PurposeThis paper aims to examine the nature and sufficiency of descriptive information included in open datasets and the nature of comments and questions users write in relation to specific datasets. Open datasets are provided to facilitate civic engagement and government transparency. However, making the data available does not guarantee usage. This paper examined the nature of context-related information provided together with the datasets and identified the challenges users encounter while using the resources.Design/methodology/approachThe authors extracted descriptive text provided together with (often at the top of) datasets (N = 216) and the nature of questions and comments users post in relation to the dataset. They then segmented text descriptions and user comments into “idea units” and applied open-coding with constant comparison method. This allowed them to come up with thematic issues that descriptions focus on and the challenges users encounter.FindingsResults of the analysis revealed that context-related descriptions are limited and normative. Users are expected to figure out how to use the data. Analysis of user comments/questions revealed four areas of challenge they encounter: organization and accessibility of the data, clarity and completeness, usefulness and accuracy and language (spelling and grammar). Data providers can do more to address these issues.Research limitations/implicationsThe purpose of the study is to understand the nature of open data provision and suggest ways of making open data more accessible to “non expert users”. As such, it is not focused on generalizing about open data provision in various countries as such provision may be different based on jurisdiction.Practical implicationsThe study provides insight about ways of organizing open dataset that the resource can be accessible by the general public. It also provides suggestions about how open data providers could consider users' perspectives including providing continuous support.Originality/valueResearch on open data often focuses on technological, policy and political perspectives. Arguably, this is the first study on analysis of context-related information in open-datasets. Datasets do not “speak for themselves” because they require context for analysis and interpretation. Understanding the nature of context-related information in open dataset is original idea.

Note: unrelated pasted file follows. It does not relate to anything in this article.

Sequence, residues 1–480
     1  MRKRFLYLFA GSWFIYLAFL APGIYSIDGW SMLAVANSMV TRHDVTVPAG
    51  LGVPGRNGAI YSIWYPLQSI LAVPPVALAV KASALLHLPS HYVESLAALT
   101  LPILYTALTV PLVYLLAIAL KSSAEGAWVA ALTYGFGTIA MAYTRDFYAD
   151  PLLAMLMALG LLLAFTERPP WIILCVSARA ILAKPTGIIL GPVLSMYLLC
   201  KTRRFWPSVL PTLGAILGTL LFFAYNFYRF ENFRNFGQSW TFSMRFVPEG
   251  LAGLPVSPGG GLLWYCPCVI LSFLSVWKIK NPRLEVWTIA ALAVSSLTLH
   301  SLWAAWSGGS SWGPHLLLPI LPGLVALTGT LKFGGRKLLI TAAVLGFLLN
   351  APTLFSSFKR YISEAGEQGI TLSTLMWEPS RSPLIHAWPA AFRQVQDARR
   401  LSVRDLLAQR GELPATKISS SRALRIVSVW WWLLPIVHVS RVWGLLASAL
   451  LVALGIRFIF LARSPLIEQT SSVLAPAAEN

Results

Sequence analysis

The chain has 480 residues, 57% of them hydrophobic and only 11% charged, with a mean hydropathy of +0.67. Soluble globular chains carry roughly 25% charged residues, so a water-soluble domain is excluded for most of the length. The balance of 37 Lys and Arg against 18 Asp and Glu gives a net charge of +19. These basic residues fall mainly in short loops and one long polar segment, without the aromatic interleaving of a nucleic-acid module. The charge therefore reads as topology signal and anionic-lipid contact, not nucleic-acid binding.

Information and Learning Science – Emerald Publishing
Published: Jan 29, 2020